NEW PORT RICHEY – The more we learn about Paula O’Neil, constitutional officer and, lately, poster gal for the Pasco front of the war on cancer, the more there is to learn. What we discovered this week: Behind the unthreatening smile that adorns her campaign literature is – there is no other way to put this – someone not to be trifled with.
We say this not simply because O’Neil, at 57, wields significant influence as Pasco’s clerk of court and comptroller, nor because she demonstrated hardened-steel courage the last six months battling, in public, breast cancer and all that implies.
No, we say this because, when we ask about the boxing gloves she’s wearing in Facebook photographs, on posters and on pink T-shirts being peddled by Florida Hospital Wesley Chapel, she declares not only are they indeed hers, but they’re not the first pair she’s owned.
Says Madame Clerk in the same matter-of-fact tone someone might use to disclose that they are a Presbyterian or a gardener or left-handed, “I’m a kick-boxer. Or, I was a kick-boxer, until this” – she signs a crisscross over her chest, and when her docs give her clearance, she expects to resume this unexpected part of her life.
“It’s great exercise,” O’Neil adds by way of innocent explanation, leaving out the fantasy of transubstantiating the big bag into the Legislature following another round of cuts to county clerks’ budgets.
All of a sudden, “Fight Like A Girl” takes on fresh meaning.
Depicting O’Neil with her dukes up, the tees were the brainchild of Saint Leo University communications chief Maureen Moore, who was inspired by the clerk’s appearance last month at the hospital’s Wellness Day event at Saddlebrook Resort.
Keynoting the event, O’Neil contrasted her story of early detection, aggressive treatment and anticipated survival against those of her less fortunate mom and some clerk’s office employees whose heroics were undone by belated diagnoses and less-advanced treatment options.
“Early detection,” recites O’Neil, her finger wagging, “is the key.” So, despite considering the idea “crazy,” she posed, because T-shirt sales are going into a mammogram fund for under- and uninsured women designed to eliminate at least one excuse for not getting screened.
As with much that motivates her, O’Neil became and remains the ever-so-public face of an intensely private condition from a refreshingly old-fashioned sense of duty to breast cancer’s pioneers.
“They fought the fight,” she says, “and they made it easier for me in so many different ways.”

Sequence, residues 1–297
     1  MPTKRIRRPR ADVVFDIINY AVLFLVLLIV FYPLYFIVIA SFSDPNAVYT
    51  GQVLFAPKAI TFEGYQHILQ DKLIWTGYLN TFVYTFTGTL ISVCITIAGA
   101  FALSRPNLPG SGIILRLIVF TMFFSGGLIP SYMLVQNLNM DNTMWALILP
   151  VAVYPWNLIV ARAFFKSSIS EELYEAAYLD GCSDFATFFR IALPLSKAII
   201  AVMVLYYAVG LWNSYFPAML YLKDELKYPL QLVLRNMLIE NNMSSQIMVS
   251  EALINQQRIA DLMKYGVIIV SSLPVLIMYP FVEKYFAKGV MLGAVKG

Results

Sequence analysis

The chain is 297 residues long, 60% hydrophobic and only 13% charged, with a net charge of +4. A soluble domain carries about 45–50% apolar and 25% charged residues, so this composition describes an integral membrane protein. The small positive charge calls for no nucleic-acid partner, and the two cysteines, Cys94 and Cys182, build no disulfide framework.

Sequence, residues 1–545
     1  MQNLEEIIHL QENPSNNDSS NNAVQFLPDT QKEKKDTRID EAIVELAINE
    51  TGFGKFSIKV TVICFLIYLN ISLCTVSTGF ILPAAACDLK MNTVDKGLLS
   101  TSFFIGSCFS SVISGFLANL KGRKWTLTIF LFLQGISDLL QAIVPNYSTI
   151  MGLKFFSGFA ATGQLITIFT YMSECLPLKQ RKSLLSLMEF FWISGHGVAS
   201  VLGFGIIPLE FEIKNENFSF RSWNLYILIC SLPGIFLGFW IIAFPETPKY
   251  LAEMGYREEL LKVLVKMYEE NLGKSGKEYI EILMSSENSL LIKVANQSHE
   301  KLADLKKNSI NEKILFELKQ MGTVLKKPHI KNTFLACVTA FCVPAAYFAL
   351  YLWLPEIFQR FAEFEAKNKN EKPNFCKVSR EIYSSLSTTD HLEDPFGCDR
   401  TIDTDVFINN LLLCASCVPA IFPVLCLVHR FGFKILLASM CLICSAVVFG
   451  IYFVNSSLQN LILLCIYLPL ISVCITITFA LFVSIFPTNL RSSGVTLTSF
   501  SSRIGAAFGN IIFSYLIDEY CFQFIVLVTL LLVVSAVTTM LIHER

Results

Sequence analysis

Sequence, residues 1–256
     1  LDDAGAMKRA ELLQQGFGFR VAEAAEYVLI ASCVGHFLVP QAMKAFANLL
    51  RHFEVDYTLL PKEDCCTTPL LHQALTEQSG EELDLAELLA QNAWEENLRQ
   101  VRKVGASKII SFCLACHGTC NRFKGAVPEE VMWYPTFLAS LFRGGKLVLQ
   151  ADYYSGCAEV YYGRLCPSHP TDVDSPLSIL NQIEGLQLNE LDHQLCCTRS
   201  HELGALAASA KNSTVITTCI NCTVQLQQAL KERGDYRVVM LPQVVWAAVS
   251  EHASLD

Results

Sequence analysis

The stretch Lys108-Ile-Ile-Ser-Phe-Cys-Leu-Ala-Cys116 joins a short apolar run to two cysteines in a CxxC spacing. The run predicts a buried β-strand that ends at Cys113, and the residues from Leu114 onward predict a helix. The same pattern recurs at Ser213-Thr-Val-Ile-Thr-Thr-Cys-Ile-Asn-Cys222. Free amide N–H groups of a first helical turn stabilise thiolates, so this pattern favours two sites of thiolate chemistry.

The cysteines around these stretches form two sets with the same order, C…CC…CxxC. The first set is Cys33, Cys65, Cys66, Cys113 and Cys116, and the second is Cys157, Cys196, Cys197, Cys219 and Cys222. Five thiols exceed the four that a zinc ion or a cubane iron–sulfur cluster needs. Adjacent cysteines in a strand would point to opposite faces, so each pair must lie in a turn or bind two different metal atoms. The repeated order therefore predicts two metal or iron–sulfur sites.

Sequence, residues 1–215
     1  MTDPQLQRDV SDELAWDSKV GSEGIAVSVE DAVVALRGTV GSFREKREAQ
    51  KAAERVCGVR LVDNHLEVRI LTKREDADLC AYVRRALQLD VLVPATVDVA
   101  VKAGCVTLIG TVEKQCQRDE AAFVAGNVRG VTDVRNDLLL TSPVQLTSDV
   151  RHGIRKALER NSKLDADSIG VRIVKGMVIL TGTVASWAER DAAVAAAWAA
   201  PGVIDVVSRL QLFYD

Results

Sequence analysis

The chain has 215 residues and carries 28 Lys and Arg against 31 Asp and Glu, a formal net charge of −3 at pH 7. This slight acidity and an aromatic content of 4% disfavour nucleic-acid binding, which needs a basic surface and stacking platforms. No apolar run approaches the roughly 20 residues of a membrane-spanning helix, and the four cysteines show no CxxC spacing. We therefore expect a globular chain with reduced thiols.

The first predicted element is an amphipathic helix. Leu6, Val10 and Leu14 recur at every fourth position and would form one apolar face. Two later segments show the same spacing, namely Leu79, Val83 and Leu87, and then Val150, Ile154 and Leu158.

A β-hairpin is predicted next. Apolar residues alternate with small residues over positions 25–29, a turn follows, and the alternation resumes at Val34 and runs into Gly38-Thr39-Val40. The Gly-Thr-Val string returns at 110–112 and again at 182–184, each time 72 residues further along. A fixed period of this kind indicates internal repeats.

Among them: “Chemo wasn’t intolerable.”
Chemotherapy infuses poisons precisely calibrated to obliterate cancer cells without killing the patient, but the process packs brutal side effects, including, notoriously, nausea, fatigue and hair loss. But, as she says, cancer patients, doctors and researchers – trailblazers all – discovered how to curb some of chemo’s unpleasantness, and, only weeks past her last (knock wood) treatment, O’Neil – beneath that famous cascade of golden brown waves (still there!) – is eager to share.
For instance: The insulated cold cap thing? It appears to have merit.
Also, take your antinausea pills. “I don’t want to get into gross details here,” she says, “but I never threw up. Not once. When my mom went through it, they didn’t have [the pills] ... and it was awful.”
More? No one warned her about mouth sores and a burning esophagus. Or that the remedy would be as simple as munching ice during treatment. “It’s sort of the same theory as the cold cap,” she says: Chill portions of the body you’d rather didn’t react.
And also, this: Chemotherapy patients get a day-after injection – Neulasta – that encourages bone marrow to crank up production of white blood cells, the body’s key defense against infection. The downsides include injection-site pain, swelling and itching, and, nearly guaranteed, a debilitating head-to-toe deep bone ache. The fix? Load up on Claritin.
Recommended only as a prophylactic against injection-site reactions, O’Neil swears after she prepped with Claritin, she never again experienced that run-over-by-a-PCPT-bus agony, and she doesn’t care why.
Add the fairly recent development of reconstructive surgery coinciding with mastectomies and you’re stripping the mask off a horrifying, isolating unknown. Education isn’t just power, O’Neil now knows from personal experience; it’s reassuring. So she soldiers on.
Because even when the T-shirts are gone, the war rages on.